Tenants of flats pay gas, but not, as a general rule, water rates. If, however, the owner fails to pay the water rate, the rate may be recovered from the tenant after he has received notice to pay it out of the rent then due. And with regard to gas rates, incoming tenants are not liable for arrears of their predecessors.
Nearly all leases contain a covenant to repair on the part of the lessee, but sometimes his liability to repair is made to depend upon the previous execution of repairs by the lessor, or upon the performance by him of some other condition. Covenants by the tenant to keep premises in repair " from and after " their repair by the landlord, or " the same being first put " into repair by him, or a covenant by the lessee to expend certain sums in repairs and improvements under the direction of a surveyor to be named by the lessor, or to repair, the lessor finding timber, are examples of the latter, and are dependent covenants, which cannot be enforced until the performance of conditions upon which they depend. Sometimes the repairs have to be effected within a certain time - e.g., within three months after notice from the lessor.
A covenant to " keep " premises in good repair means that the tenant must, if necessary, put them into such repair at the commencement, having regard to their age and class. An agreement by the tenant to put them into " habitable repair " implies putting them into a better state than that in which he found them. A covenant "to do necessary repairs " also involves repairing them at the commencement.
An undertaking to leave the premises in " tenantable " repair means leaving them in such a state as to be reasonably fit for occupation for the class of tenant who would be likely to take them. The tenant under a covenant of this kind is not liable for decorative repairs such as painting, papering, or whitewashing.
Enlarging windows, opening external doors and removing partitions are all examples of breaches of this covenant unless the terms of the lease include the making of alterations and improvements by the tenant.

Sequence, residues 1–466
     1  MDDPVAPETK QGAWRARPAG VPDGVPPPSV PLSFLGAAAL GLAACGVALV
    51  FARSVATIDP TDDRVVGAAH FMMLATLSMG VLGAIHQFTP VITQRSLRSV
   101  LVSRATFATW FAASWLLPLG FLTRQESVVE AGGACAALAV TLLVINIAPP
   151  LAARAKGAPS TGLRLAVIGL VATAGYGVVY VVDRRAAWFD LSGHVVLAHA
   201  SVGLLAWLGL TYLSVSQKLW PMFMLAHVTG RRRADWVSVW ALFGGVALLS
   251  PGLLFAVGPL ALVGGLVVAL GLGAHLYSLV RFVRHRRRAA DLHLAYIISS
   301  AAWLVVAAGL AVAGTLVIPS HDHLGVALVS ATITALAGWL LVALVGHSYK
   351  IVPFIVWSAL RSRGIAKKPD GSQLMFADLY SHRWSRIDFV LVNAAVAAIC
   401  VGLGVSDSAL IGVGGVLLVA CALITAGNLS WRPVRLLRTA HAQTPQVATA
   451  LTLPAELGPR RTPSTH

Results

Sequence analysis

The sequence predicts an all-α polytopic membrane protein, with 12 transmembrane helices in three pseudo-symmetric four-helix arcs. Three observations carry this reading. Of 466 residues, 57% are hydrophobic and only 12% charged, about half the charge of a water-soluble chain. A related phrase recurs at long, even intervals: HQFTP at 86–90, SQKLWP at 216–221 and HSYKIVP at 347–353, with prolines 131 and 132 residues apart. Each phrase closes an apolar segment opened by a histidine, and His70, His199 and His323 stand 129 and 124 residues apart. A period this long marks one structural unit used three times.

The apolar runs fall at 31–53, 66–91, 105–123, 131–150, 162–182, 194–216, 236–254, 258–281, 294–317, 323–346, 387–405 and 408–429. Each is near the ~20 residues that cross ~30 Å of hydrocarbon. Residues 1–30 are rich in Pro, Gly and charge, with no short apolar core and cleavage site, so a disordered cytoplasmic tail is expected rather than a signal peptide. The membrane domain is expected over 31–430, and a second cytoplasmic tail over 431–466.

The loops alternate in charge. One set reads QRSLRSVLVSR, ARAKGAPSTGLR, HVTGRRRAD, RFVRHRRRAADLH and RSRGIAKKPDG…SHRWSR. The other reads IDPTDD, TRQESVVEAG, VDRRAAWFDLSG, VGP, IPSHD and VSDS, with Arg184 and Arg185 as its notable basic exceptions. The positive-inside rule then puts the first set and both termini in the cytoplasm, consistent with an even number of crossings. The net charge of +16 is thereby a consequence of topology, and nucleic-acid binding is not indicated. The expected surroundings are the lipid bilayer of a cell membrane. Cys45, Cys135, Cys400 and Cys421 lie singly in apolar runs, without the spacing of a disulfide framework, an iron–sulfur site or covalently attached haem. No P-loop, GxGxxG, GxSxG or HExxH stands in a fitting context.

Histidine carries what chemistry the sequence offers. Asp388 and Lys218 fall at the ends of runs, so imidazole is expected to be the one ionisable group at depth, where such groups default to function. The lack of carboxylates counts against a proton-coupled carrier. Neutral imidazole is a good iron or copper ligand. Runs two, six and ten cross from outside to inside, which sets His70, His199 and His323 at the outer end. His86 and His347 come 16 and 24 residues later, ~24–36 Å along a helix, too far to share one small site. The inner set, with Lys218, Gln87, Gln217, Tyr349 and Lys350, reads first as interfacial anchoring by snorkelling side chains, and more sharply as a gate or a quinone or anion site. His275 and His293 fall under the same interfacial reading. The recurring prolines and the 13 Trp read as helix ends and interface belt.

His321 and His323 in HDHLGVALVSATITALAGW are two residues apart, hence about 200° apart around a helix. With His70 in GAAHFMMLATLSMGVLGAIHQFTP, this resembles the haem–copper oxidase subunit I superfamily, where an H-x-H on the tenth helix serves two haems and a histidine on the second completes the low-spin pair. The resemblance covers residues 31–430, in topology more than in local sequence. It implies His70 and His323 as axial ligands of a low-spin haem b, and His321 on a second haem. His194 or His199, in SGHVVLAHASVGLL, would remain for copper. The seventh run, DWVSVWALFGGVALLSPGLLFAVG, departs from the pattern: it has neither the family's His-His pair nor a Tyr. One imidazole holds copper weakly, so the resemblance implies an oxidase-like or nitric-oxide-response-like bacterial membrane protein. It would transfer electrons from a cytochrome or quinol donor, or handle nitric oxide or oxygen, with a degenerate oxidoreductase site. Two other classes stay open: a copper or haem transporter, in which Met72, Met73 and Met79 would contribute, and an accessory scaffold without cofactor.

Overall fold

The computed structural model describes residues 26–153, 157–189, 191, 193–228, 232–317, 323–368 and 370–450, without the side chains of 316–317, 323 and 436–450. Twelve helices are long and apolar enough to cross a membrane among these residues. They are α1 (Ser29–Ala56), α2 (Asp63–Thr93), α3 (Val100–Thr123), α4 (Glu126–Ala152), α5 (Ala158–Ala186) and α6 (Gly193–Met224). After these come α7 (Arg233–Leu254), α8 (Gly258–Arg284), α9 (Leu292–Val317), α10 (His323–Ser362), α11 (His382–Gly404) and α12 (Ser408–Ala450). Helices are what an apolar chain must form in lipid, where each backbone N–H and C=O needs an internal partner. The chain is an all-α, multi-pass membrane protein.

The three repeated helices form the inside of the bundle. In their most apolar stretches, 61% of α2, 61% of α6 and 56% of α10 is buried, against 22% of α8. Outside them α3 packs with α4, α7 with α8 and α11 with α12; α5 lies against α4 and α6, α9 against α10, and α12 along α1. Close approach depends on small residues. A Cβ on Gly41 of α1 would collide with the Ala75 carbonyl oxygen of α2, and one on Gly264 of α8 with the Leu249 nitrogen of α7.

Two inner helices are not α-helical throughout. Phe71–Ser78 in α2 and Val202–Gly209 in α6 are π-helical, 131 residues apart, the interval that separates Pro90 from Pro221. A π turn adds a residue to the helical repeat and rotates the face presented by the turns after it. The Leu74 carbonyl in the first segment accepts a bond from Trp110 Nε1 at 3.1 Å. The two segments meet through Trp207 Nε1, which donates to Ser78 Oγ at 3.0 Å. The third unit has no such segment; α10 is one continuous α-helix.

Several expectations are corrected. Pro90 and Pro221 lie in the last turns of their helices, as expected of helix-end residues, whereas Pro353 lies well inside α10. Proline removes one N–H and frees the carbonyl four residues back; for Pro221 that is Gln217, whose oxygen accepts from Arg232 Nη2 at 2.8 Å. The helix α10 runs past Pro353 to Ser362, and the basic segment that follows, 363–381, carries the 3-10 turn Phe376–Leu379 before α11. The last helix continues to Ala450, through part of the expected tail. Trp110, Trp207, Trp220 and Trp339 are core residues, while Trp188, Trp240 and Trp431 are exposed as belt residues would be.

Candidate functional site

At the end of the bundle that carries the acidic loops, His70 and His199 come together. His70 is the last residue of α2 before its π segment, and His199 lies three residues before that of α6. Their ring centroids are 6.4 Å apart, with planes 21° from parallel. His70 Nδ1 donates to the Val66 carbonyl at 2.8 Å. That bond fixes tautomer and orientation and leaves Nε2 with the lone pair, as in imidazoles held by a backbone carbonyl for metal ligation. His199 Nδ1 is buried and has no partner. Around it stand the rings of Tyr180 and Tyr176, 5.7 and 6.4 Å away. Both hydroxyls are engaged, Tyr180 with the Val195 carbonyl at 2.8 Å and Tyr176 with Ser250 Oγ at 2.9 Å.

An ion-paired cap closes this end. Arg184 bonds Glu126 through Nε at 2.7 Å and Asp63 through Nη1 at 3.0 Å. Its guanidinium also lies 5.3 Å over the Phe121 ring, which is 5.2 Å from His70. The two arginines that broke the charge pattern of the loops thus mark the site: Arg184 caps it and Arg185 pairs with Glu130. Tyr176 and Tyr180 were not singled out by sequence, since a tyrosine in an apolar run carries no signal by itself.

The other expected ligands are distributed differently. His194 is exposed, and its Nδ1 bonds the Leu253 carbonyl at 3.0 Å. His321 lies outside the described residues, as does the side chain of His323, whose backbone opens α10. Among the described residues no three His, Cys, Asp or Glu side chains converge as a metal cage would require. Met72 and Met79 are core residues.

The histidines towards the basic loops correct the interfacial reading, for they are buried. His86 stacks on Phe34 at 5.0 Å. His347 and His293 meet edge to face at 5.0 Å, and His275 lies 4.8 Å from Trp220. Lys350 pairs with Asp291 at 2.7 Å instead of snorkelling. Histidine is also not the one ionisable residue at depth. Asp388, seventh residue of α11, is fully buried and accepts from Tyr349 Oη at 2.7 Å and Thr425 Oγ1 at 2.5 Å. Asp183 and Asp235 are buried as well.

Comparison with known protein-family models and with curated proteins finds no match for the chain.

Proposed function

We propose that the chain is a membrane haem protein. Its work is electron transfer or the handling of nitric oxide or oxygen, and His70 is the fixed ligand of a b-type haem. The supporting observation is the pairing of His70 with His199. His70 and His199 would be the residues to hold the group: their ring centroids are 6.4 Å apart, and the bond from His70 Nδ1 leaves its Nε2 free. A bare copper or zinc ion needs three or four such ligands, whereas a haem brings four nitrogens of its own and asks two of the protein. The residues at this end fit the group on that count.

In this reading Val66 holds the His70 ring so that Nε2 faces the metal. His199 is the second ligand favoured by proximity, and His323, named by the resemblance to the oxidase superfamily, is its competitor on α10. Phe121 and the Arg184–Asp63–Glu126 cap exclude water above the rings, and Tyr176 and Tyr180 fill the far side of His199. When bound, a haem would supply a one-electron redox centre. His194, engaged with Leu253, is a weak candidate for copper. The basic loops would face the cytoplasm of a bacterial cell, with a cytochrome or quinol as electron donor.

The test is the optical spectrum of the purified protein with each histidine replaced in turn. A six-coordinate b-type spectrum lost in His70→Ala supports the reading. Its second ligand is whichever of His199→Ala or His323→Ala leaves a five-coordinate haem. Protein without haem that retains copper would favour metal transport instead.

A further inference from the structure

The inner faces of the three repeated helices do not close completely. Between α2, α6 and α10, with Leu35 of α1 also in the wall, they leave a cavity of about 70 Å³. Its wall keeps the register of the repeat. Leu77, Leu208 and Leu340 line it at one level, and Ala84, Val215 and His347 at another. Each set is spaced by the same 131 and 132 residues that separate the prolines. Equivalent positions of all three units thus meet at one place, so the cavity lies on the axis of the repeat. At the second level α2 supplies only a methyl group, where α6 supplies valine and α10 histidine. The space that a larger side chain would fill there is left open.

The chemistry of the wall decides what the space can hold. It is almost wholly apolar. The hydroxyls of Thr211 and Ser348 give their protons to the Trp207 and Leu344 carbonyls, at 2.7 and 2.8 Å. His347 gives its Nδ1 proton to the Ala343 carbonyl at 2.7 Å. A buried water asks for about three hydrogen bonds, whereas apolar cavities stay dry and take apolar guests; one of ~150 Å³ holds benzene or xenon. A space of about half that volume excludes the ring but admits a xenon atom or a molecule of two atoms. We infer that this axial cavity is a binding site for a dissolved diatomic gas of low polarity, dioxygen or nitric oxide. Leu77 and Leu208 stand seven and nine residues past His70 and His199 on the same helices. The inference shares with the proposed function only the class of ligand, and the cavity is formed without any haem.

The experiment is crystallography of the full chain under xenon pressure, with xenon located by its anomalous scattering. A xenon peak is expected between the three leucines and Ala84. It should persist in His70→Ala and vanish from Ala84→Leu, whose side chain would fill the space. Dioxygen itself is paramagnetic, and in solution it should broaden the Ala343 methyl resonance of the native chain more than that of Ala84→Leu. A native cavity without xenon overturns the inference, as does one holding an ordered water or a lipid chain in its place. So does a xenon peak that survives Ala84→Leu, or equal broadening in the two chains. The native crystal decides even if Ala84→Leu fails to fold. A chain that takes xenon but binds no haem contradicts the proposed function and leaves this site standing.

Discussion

The landlord's remedy for breach of the covenant to repair is by an action for damages ; but he may have, by express agreement, the right to enter and do necessary repairs at the tenant's expense, and also his general right of re-entry for breach of covenant may be reserved to him by the lease.
A covenant allowing the landlord to enter upon the premises at any reasonable time in order to view their condition is found in most leases. When the lessor undertakes to repair, he will render himself liable to a stranger for a nuisance or injury caused by the want of repairs.
The general rule is that the occupier, not the landlord, is responsible for any injury caused to a third person through premises being out of repair. Thus, the occupier of a house in the Strand, who had a heavy lamp projecting over the pavement, was held liable for damage done to an old woman on whom it fell, although a few months previously he had employed an experienced gasfitter to put it in repair. In only two cases can landlords or owners be made liable for an injury to a stranger through the defective repair of premises let to a tenant; first in the case of a contract by the landlord to do the repairs, when, after having given him notice, the tenant can sue him for not repairing ; and, secondly, in the case where the landlord has let the premises in a ruinous condition.
Where the carman of a coal merchant removed an iron plate in the footway when delivering coals, without taking sufficient precaution, the coal merchant, and not the occupier or owner of the house, was held liable for an injury caused to a lady who was passing by, and who did not hear the warning given by the carman to two other women who were just in front of her.